Flunking Sainthood

lds_general_conference.jpgI admit that I have a love-hate relationship with General Conference. I dislike the passive format of it all, the stark and depressing maleness of all those dark suits, the conspicuous absence of women from public leadership. The conference often feels too long. I’m probably too bothered by the small things, like that this weekend, a couple of GAs trotted out the wonderful “comfort the afflicted and afflict the comfortable” quote, but attributed it to Harold B. Lee without mentioning its original source: Reinhold Niebuhr.

I’m just being honest here. I prefer my Mormonism at the grassroots level; large institutions frighten me even when I believe they are inspired. Conference can be difficult. I question how much of what comes out of a prophet’s mouth is timebound, culturally conditioned, and fallible — and how much might possibly be divine.

Apparently I’m not alone, judging from Peggy Fletcher Stack’s excellent Salt Lake Tribune article on the Mormon tendency toward apotheosis of general authorities. Readers of this blog already know that I find it deeply troubling that some Mormons seem to unquestioningly regard everything that emerges from leaders’ mouths as timeless gospel truth. I’m reminded of the old joke of someone who had converted to Mormonism from Catholicism and reported, “You know, the Catholics officially believe in papal infallibility, but no Catholics act as if they believe it. We Mormons are expressly told that the prophet is not infallible, but no Mormons act as if they believe it.”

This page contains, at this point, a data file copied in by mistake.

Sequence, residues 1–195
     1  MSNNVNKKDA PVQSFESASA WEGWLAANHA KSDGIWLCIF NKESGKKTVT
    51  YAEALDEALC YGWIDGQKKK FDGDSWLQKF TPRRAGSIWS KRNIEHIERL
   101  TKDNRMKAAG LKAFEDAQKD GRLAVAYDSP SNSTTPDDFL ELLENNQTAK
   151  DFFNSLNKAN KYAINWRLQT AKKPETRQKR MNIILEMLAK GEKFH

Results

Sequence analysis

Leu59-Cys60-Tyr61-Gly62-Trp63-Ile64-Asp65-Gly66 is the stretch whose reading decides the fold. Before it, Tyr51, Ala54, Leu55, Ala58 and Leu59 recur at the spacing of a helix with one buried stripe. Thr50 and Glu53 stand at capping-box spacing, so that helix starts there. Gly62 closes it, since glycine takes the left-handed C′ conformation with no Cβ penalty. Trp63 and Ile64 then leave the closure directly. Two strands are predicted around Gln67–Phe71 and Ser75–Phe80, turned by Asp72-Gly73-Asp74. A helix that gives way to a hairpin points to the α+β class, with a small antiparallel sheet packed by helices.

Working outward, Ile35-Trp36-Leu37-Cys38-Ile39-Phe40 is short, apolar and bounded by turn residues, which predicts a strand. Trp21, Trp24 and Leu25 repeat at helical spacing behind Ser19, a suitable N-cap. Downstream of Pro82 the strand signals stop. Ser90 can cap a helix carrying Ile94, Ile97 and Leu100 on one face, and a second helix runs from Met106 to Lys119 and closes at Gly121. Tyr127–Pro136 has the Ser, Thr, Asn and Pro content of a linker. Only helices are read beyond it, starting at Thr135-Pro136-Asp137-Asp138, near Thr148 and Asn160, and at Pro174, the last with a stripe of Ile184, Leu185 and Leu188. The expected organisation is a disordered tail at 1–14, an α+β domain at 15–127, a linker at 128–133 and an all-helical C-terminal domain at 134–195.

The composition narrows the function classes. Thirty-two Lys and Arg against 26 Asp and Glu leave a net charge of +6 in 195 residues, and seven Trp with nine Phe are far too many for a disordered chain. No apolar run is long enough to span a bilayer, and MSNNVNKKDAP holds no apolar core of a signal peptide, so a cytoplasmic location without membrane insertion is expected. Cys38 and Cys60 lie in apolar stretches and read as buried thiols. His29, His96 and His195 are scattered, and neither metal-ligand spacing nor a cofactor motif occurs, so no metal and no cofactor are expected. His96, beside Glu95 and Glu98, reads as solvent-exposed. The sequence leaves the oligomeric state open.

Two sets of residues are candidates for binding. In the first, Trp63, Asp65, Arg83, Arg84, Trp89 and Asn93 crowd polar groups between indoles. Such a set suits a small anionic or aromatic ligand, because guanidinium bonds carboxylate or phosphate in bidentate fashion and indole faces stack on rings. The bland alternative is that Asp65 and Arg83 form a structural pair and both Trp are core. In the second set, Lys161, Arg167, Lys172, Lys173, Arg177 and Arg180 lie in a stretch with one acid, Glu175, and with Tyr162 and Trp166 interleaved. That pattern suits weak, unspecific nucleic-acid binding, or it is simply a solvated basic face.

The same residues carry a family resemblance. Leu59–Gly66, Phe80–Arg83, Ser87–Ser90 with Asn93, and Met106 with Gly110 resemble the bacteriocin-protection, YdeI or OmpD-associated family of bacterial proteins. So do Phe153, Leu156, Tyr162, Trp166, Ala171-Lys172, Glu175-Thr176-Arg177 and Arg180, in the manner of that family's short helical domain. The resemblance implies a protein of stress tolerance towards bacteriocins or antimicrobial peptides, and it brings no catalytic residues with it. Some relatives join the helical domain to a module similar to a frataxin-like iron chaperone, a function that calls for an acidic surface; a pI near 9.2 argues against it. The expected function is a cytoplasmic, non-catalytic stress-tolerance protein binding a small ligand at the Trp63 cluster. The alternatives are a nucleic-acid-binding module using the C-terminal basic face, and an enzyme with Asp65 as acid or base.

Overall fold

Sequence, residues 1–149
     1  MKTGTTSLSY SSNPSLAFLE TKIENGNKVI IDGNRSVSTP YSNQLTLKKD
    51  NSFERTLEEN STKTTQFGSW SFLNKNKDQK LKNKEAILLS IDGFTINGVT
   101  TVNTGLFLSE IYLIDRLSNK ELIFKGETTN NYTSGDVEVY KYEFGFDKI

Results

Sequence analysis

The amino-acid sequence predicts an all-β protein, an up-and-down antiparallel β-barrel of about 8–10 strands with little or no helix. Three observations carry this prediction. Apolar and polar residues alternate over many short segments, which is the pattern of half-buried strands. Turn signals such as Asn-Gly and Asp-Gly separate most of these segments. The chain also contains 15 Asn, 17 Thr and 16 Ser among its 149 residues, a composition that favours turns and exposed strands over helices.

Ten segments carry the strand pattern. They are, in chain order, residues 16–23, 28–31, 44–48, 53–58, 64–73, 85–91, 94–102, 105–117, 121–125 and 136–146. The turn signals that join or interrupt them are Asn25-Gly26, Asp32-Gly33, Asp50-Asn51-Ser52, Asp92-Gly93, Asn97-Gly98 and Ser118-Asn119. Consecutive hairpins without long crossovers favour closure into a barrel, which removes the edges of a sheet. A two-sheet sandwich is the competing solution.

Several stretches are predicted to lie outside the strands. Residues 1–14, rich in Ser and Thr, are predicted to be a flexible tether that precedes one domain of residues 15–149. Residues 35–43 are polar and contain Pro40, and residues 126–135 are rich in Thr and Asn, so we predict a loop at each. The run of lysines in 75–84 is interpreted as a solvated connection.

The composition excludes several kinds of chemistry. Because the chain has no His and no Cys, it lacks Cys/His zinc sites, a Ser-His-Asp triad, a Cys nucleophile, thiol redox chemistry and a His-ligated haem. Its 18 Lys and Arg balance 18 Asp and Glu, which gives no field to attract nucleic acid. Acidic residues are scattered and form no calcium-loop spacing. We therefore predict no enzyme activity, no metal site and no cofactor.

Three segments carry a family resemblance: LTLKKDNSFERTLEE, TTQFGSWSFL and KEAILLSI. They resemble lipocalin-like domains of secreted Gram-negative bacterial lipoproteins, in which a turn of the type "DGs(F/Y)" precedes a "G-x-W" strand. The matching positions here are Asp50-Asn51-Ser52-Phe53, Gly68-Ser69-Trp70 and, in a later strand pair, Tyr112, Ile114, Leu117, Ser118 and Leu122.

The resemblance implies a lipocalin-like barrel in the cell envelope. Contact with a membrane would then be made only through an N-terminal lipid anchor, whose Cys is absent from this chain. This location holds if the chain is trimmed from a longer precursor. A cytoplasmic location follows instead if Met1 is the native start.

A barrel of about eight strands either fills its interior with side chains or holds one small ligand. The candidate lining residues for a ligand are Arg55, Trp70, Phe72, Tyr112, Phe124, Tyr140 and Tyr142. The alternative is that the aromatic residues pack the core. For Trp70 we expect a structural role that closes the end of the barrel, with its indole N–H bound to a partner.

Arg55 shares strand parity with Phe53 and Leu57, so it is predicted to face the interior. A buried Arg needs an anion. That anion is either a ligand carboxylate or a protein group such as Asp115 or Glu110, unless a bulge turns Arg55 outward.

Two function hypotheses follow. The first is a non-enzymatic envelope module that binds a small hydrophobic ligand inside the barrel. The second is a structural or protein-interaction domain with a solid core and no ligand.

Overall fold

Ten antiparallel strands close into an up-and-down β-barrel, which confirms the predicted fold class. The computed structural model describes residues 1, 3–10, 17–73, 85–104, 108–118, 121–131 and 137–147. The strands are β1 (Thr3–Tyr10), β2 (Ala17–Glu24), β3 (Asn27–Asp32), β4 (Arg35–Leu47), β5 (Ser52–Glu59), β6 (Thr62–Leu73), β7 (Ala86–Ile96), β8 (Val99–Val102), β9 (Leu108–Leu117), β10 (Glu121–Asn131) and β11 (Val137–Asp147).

So Conference can be hard for me, and apparently I’m not the only one with this unease: over at Exponent II today, a poll is being taken about this very issue.

Do you believe the prophet is always acting as a prophet, seer, and revelator when he speaks to the church?

As of this morning, the poll was running about 60% “no” with the other two responses getting about 20% apiece.

So, Conference can be a mixed experience. But the music of the Mormon Tabernacle Choir is always beautiful, and every once in a while a talk stirs my soul so deeply that it makes any ambivalence that Conference conjures almost disappear. When a church leader speaks authentically to the power of faith, or shares a personal story that is relevant to my own troubles or anxieties, it feels incredibly affirming.

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